Carlos Carrasco was having a really nice year until it rained in Atlanta during his start on August 15. There was a 55-minute rain delay, after which Carrasco came back out to pitch the second inning. That’s all he pitched, as he injured his oblique, which necessitated a trip to the IL. Coming into the game, Carrasco was 13-4 with a 3.76 ERA. In his previous seven games, he was 5-0 with a 1.43 ERA. Counting the Atlanta game and his final six starts, Carrasco was 2-3 with a 4.88 ERA.
A contributing factor to Carrasco’s hot stretch before being injured was playing against a bunch of second-division clubs. But he also faced the Padres and Braves in that span and he allowed just 3 ER in 11 IP against those two playoff-bound squads. And his bad closing stretch had two games against both Miami and Washington, along with one against Pittsburgh – teams that combined to lose 300 games last year.
That’s the narrative account of Carrasco’s 2022. The objective case is he finished the year with 29 starts, 152 IP and a 3.97 ERA. Here’s how the computer models forecast Carrasco in his age-36 season:
ATC – 145 IP, 4.04 ERA, 1.28 WHIP, 140 Ks, 19 HR
Marcel – 142 IP, 4.12 ERA, 1.324 WHIP, 137 Ks, 18 HR
RotoCh – 149 IP, 3.81 ERA, 1.33 WHIP, 131 Ks v
Steamer – 150 IP, 3.95 ERA, 1.26 WHIP, 140 Ks, 19 HR
THE BAT – 147 IP, 4.50 ERA, 1.32 WHIP, 138 Ks, 21 HR
ZiPS – 107.2 IP, 4.35 ERA, 1.33 WHIP, 104 K, 17 HR
Things were going nicely for the oft-used line of how the models were in agreement over how a veteran would produce. Until we came to THE BAT, which had an ERA out of step with the others. And ZiPS closed it out with another ERA higher than previous consensus, along with by far the fewest IP of the group. If it’s any consolation, THE BAT had Carrasco with a 5.02 ERA projection for the 2022 season.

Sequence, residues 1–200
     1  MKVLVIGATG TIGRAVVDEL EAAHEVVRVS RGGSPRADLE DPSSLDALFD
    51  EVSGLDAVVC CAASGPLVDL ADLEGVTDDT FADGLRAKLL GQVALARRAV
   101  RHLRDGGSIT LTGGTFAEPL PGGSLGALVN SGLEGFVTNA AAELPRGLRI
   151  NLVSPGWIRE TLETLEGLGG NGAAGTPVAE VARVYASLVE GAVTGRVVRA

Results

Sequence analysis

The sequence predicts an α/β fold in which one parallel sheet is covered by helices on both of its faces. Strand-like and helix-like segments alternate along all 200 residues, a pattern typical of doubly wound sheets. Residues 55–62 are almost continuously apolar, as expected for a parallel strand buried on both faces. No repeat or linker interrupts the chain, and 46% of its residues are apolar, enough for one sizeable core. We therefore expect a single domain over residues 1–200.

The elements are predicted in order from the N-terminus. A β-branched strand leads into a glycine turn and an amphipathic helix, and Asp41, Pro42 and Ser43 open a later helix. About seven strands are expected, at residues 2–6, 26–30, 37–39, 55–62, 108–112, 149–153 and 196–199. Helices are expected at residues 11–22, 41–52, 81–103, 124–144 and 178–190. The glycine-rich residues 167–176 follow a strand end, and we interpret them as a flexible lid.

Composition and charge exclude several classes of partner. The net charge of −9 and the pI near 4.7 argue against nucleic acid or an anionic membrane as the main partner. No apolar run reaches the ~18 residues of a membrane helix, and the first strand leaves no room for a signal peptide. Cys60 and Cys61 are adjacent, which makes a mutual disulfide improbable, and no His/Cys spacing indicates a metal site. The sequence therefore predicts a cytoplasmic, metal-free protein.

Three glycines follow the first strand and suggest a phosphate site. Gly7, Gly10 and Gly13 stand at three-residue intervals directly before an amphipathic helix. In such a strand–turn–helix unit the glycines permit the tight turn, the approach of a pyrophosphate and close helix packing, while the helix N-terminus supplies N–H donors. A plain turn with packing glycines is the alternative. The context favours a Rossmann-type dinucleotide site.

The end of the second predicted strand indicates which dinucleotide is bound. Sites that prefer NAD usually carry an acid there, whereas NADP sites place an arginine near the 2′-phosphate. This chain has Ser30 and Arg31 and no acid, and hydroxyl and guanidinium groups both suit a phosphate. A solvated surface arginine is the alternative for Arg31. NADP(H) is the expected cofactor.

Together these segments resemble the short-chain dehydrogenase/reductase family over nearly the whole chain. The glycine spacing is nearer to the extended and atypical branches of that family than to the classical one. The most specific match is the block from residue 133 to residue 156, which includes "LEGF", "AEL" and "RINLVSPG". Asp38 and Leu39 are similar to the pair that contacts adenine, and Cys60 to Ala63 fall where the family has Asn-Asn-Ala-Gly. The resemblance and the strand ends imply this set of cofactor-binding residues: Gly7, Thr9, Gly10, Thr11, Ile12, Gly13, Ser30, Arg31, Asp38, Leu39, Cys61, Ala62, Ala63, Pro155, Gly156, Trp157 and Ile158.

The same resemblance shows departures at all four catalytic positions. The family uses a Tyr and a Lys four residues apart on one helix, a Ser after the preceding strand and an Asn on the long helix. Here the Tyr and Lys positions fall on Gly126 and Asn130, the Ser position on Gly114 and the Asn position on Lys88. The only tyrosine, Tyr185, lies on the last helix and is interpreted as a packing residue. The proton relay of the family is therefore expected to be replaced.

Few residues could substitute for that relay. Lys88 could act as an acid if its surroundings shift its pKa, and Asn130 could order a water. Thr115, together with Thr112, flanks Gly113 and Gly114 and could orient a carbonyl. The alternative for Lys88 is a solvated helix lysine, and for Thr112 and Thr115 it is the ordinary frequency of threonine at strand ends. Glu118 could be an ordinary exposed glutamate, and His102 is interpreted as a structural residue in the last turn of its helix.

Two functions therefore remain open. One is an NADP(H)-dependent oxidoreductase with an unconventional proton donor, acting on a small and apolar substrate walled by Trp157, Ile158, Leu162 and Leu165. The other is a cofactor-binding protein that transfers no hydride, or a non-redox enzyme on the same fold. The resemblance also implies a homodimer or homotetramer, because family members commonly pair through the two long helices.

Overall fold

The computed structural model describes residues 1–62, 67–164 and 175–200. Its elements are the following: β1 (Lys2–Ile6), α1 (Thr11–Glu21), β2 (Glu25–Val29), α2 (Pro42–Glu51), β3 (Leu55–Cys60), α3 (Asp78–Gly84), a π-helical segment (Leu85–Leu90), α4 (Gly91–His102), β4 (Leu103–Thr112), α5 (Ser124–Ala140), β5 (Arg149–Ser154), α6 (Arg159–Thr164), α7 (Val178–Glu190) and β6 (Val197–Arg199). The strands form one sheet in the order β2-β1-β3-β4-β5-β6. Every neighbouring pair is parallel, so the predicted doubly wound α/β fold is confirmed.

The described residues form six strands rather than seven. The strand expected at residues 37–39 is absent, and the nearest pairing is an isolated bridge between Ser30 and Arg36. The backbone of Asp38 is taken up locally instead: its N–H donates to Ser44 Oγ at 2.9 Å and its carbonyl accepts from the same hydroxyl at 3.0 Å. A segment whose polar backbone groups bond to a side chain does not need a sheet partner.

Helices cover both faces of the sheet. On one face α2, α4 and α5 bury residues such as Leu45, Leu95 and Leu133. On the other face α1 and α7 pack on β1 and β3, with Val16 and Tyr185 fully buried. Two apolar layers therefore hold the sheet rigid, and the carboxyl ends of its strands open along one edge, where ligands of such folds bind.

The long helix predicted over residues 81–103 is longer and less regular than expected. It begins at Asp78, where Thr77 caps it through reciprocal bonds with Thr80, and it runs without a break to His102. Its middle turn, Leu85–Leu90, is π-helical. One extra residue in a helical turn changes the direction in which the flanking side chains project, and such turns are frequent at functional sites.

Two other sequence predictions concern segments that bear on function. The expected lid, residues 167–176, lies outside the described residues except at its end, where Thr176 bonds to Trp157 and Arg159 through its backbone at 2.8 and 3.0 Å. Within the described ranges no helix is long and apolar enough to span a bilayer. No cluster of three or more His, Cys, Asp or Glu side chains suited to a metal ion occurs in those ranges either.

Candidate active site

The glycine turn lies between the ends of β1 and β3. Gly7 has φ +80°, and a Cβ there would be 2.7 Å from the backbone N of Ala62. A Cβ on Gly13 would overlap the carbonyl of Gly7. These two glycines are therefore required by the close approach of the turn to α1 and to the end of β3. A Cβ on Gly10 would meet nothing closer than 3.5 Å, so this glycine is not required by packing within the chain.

While he just missed last year, the fact is that Carrasco hasn’t made 30 starts in a season since 2018. It makes sense that the models have him with the innings totals that they do. If anything, perhaps it’s a surprise that they have him accumulating essentially the innings he did in 2022. ZiPS might be ultra-bearish on IP but is that really more surprising that the others forecasting a repeat of last year’s 29-start output?
It’s easy to see how Carrasco might be a tad difficult to project. Along with the shortened-season in 2020, we have the fight back from leukemia, along with him missing half of the 2021 season with a hamstring injury. And when he did pitch in ’21, he was frequently throwing beach balls to the plate, as he allowed 12 HR in 53.2 IP.
After posting a 2.01 HR/9 in ’21, Carrasco put up a 1.01 mark last year, which was much more in line with his career rate of 1.08 HR/9. Both THE BAT and ZiPS see a jump in HR/9 this year, coming in with marks of 1.31 and 1.42, respectively.
One of the basic principles for the computer models is to see how the player has performed recently. But when two of the past three seasons have big narrative warnings – and the third one has a mini warning, too – how much faith do we put in the models? And to make matters worse, we have little idea how much of the forecasts are depending on less than stellar previous numbers versus the regression built in for a 36 year old.
My totally biased forecast for Carrasco in 2023:
126 IP, 3.64 ERA, 1.298 WHIP, 120 Ks, 15 HR